Links: Brought to You by Dell and Folgers Coffee

Earlier this week the FTC released new guidelines on how bloggers must disclose their relationships with commercial entities. I haven’t spent much time thinking about this—unlike smart people who have—mainly because I suspect any battle between the gummint and bloggers will attack women and children first. Relatively speaking, me and my modest stack of advance reader’s copies aren’t worth anybody’s attention and trouble. I’ve always considered ARCs as a tool to do my job, not some great prize; I receive them, but, like editors at newspaper book reviews, I feel no particular obligation to review them, acknowledge their existence, or announce their provenance if I do get around to mentioning them.

George Saunders reports from a homeless tent city in Fresno, California.

Jane Smiley discusses her first novel for young adults, The Georges and the Jewels.

Sherman Alexie
: “If I had been talking about drowning polar bears [instead of the Kindle], people would have been weeping with me. But nobody recognizes that a bookstore or library can also be a drowning polar bear. And right now in this country, magazines, newspapers, and bookstores are drowning polar bears.

Paul Auster laments the death of independent bookstores in New York: “In my own city of New York, so many superb bookstores have gone out of business in the past years that the epidemic has reached tragic proportions. The Eighth Street Bookstore, the grand literary emporium of my youth, has been a shoe store for more than two decades now. The Gotham Book Mart (‘Wise Men Fish Here’), the home of the James Joyce Society, the home in exile for André Breton and other French Surrealists during World War II, closed its doors recently. Books and Company is gone. Endicott Books is gone. Coliseum Books is gone.”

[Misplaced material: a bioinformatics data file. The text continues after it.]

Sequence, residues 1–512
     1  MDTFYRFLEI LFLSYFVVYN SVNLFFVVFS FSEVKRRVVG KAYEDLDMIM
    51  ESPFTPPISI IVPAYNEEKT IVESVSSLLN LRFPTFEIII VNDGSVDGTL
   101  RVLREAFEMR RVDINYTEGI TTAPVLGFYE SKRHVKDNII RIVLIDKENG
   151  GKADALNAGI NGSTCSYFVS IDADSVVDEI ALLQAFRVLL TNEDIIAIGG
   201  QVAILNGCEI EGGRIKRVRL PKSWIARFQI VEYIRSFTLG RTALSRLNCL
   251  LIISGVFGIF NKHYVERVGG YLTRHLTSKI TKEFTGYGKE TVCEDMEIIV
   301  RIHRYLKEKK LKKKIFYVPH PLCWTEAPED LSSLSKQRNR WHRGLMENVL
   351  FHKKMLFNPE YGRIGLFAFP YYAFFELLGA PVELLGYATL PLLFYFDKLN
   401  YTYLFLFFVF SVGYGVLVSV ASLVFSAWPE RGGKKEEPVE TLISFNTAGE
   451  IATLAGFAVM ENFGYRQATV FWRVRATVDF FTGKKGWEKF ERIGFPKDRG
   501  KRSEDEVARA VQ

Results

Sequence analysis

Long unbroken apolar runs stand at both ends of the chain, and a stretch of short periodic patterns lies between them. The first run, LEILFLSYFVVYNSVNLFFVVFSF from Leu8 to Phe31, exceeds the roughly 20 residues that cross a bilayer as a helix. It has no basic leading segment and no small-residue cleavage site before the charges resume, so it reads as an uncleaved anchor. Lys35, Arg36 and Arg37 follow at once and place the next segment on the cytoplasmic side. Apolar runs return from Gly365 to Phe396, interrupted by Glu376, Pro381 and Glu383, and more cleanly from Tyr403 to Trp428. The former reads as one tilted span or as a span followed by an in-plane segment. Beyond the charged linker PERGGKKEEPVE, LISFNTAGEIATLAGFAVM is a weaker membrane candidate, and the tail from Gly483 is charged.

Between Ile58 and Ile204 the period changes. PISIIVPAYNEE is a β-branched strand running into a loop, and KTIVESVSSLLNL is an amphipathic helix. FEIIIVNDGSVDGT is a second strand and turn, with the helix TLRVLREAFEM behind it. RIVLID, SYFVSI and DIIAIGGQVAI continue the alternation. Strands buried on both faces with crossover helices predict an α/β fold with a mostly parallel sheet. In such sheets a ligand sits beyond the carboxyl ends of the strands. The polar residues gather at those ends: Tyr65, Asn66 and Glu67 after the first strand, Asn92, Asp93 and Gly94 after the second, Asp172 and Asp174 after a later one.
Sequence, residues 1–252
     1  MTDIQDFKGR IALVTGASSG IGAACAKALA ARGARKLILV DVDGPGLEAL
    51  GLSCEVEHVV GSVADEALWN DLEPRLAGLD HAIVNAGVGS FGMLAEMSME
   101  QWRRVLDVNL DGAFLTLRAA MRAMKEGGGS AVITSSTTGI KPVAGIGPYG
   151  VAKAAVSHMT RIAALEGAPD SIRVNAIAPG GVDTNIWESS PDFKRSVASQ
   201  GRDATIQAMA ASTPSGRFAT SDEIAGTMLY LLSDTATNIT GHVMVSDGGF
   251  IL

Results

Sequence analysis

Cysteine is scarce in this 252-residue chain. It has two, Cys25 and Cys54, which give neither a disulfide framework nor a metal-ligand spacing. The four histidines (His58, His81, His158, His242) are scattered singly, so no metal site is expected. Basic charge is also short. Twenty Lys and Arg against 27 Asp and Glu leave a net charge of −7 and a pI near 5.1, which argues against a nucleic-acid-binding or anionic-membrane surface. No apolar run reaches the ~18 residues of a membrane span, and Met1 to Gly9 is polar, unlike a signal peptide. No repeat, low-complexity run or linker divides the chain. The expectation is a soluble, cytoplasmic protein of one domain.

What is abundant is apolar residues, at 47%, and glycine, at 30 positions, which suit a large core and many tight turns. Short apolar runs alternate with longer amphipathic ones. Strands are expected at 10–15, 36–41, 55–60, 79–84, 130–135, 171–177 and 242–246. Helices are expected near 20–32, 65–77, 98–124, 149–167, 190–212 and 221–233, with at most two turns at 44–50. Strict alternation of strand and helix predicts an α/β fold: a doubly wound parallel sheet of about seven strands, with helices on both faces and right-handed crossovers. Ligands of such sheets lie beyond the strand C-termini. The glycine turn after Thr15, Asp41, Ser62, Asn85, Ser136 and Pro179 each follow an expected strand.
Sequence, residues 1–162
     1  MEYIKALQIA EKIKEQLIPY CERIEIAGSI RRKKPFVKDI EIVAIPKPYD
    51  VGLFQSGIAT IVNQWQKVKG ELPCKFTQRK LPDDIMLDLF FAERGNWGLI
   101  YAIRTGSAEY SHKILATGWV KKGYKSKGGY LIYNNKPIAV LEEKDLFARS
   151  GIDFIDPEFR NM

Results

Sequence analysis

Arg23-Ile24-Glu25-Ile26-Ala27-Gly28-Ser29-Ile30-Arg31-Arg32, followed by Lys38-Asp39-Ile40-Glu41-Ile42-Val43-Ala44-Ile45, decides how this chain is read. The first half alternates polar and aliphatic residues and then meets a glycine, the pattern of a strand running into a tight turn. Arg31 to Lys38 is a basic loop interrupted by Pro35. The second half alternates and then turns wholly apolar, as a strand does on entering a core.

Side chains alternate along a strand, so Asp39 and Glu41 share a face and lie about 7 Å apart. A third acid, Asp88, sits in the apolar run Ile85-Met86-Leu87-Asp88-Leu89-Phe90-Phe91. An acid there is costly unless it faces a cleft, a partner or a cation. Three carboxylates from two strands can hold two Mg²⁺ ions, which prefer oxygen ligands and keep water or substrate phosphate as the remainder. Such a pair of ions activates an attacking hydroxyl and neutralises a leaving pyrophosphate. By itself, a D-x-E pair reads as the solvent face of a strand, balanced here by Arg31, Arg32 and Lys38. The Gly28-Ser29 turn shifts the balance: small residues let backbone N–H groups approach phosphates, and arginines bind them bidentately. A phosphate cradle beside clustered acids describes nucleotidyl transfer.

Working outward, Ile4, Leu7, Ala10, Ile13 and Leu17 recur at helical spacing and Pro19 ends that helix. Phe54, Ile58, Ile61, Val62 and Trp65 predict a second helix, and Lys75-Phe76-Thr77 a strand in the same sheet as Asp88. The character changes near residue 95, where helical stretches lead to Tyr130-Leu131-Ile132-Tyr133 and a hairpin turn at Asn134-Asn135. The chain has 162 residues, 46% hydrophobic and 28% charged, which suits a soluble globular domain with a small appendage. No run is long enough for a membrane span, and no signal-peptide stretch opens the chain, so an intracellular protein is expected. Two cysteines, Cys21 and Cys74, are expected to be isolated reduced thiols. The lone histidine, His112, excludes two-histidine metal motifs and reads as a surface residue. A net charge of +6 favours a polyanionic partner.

A personal consideration of Raymond Carver along with some thoughts on Lishification, and a profile of his widow, Tess Gallagher.

A cache of Mark Twain‘s papers, including letters he wrote during the last months of his life, goes up for auction later this month.

Jonathan Lethem on his new novel, Chronic City: “I had to figure out, ok what should I be writing? I thought, the answer is always, I should write the thing that if I don’t write it, it wouldn’t exist… Maybe I could write a realistic social epic of the Upper East Side; it’s possible that I could do that. I feel that I’ve acquired a lot of those tools and inclinations, but to merge it with the dream-life material, I feel that’s my special task.”

Chicago gets a literary hall of fame.

Links: Sad State of Affairs

Happy Friday! Here’s a guide to depressing novels.

Jonathan Lethem recalls his longtime relationship with the works of Philip K. Dick (via i09).

NYRB Classics editor Edwin Frank talks with Washington City Paper about its reissue of Don Carpenter‘s excellent debut novel, Hard Rain Falling.

The Road director John Hillcoat is looking to film The Wettest County in the World, Matt Bondurant‘s bracing 2008 novel about Virginia bootleggers.

Newark, New Jersey, makes its pitch to be a “major cultural capital” by landing a major poetry conference. Jayne Anne Phillips approves.

Meanwhile in Newark, Amiri Baraka turns 75.

Flavorwire has a Q&A with Joyce Carol Oates, who reveals that she’s working on a memoir titled The Seige: A Widow’s First Six Months.

Liked the book? Buy the handbag.

Elmore Leonard will receive PEN USA’s lifetime achievement award.